Models for Movers is a unique collection of Irish migrant women's oral histories spanning three waves of twentieth-century emigration, 1920s, 1950s, 1980s. Each woman describes how she created a new life in America, often in the face of multiple challenges there. The women inspire us to have the courage to act.The women's voices speak to and against the regulated silences surrounding both emigration and the reality of Irish women's lives. They also provide a multigenerational tapestry of experience into which women leaving Ireland today can weave their stories.

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Motherhood and Infertility in Ireland

Presence of Absence

by Jill Allison

Through the lens of infertility, this book is a cultural account of shifting meanings of conception, fertility, motherhood and family in the current climate of changing Irish social life. This book portrays how the taken for granted associations between nature, reproduction, marriage, family and morality are also shaping the production of new kinds of reproductive knowledge and the use of reproductive technologies in Ireland.

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Of War and Wars Alarms

Reflections on Modern Irish Writing

by Gerald Dawe

The book considers the impact of European history from WW1 onwards on Irish writing and provides a narrative from 1914 through 1916, to the Civil War in Ireland and Spain, the experiences of WW2 and the emergence of the northern ‘Troubles; concluding with the revisiting of ‘history’ in the current generation of Irish writers, including as postscript a critical ‘memoir’. The book examines the interconnections between a number of Irish poets (W B Yeats, Thomas MacGreevy, Francis Ledwidge, Charles Donnelly, among many others) and novelists (Christabel Bielenberg, William Trevor, Benedict Kiely, Paul Murray) and the underlying political causes of nationalism and unionism, north and south, since the partition of Ireland alongside an exploration of various influences of European culture on Irish writing.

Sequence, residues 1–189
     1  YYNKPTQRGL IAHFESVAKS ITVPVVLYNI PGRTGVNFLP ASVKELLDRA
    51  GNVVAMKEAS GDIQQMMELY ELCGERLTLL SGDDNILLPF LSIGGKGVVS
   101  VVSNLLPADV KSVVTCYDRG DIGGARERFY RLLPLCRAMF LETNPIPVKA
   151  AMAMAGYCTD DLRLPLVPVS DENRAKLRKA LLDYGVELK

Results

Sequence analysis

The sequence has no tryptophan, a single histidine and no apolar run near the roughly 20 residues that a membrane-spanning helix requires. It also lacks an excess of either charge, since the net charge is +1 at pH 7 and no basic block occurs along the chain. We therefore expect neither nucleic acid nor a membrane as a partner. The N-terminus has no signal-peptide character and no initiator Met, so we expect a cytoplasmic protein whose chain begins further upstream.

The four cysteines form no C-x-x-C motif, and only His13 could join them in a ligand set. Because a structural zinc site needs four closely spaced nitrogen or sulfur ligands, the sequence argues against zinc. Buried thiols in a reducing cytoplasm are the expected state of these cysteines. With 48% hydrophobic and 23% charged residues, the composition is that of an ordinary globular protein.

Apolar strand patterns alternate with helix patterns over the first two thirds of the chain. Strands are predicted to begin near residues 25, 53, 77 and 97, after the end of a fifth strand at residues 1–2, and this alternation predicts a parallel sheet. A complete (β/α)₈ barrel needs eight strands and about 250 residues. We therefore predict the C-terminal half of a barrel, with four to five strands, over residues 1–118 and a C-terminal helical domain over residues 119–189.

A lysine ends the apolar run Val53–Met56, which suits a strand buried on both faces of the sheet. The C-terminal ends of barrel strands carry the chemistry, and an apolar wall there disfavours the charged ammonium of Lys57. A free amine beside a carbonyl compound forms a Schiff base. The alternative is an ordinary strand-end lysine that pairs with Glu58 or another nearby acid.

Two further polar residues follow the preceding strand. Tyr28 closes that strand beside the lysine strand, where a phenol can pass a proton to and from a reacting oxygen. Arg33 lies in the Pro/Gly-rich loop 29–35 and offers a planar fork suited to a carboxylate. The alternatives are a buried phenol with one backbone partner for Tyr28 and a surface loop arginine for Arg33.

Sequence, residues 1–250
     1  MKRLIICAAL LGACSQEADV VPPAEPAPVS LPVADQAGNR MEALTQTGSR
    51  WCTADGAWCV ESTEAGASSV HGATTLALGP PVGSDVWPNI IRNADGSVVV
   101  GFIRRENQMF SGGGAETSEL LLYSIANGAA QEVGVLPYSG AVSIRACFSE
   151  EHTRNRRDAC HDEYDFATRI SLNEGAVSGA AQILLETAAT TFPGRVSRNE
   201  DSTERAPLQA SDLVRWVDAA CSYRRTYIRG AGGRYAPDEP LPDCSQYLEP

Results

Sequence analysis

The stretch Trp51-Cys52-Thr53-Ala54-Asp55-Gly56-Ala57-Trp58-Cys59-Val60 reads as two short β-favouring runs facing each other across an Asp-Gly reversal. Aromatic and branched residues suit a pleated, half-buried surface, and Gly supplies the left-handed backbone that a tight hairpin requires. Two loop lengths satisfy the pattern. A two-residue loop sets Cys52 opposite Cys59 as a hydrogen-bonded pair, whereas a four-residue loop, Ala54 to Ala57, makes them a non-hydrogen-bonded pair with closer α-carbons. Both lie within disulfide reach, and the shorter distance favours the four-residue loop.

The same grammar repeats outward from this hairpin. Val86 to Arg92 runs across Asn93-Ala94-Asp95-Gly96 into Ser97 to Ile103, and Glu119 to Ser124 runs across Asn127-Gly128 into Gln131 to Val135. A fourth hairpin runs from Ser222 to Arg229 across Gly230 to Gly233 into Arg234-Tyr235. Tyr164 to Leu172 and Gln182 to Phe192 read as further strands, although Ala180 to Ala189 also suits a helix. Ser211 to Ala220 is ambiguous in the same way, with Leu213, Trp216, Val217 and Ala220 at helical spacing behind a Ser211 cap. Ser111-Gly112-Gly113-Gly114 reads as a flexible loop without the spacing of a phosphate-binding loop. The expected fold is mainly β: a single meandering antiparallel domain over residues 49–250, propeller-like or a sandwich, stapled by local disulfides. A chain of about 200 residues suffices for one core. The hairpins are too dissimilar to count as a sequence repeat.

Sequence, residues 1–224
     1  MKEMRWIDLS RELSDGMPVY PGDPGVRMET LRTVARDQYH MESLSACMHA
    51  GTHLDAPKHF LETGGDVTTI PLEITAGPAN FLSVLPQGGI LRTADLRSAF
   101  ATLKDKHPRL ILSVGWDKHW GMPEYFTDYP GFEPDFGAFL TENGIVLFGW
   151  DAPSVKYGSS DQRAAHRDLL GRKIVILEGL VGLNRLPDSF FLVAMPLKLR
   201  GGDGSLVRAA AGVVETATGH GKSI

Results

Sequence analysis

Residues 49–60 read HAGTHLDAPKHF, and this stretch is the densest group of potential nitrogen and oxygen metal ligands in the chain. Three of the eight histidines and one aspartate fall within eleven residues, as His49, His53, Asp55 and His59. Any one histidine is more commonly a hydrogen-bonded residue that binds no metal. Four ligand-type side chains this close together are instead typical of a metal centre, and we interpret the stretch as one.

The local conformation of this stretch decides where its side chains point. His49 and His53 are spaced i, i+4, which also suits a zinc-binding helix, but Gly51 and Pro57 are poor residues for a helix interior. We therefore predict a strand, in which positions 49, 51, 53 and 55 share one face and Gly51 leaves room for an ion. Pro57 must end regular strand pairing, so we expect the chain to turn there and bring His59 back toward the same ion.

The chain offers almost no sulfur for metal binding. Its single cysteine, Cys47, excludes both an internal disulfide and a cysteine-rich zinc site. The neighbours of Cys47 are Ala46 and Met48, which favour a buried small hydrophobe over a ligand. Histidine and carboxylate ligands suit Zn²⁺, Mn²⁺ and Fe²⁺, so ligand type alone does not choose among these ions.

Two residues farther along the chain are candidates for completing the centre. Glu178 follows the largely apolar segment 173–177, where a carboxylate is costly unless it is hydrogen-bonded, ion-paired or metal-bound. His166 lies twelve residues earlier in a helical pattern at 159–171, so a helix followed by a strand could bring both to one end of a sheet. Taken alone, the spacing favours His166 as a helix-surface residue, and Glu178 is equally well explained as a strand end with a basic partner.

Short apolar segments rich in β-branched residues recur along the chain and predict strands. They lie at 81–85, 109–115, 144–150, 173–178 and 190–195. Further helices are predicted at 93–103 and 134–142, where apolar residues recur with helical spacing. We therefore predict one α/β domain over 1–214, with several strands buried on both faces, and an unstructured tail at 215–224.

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Oscar’s Shadow

Wilde, Homosexuality and Modern Ireland

Eibhear Walshe

Oscar Wilde was the most famous gay Irishman and Oscar’s Shadow deals with Wilde and his homosexuality within the context of Ireland and of Irish cultural perceptions of his sexuality. The book investigates the questions: What was ‘Oscar’s shadow’, his influence on twentieth and twenty-first century Irish culture and literature? What has Oscar Wilde meant to Ireland from his disgrace in May 1895 up to the present?

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Out of the Earth

Ecocritical Readings of Irish Texts

Edited by Christine Cusick

Within the current climate of both literary and environmental studies “Out of the Earth”: Ecocritical Readings of Irish Texts is an unprecedented integration of Irish Studies and Ecocriticism that is both timely and necessary. The essays offer ecocritical readings of Irish literary and cultural texts of various genres, including fiction, poetry, creative nonfiction, drama and the visual image.

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The Poetry of Medbh McGuckian

The Interior of Words

Edited by Shane Alcobia-Murphy and Richard Kirkland

This is the first collection of essays solely dedicated to the achievement of this remarkable Irish poet. The book contains eleven essays by internationally known scholars, a new interview with McGuckian herself, and a detailed bibliography. McGuckian’s critical reputation has grown dramatically over the last decade and she is now a poet with an international reputation. This collection provides a timely and engaging appraisal of her work.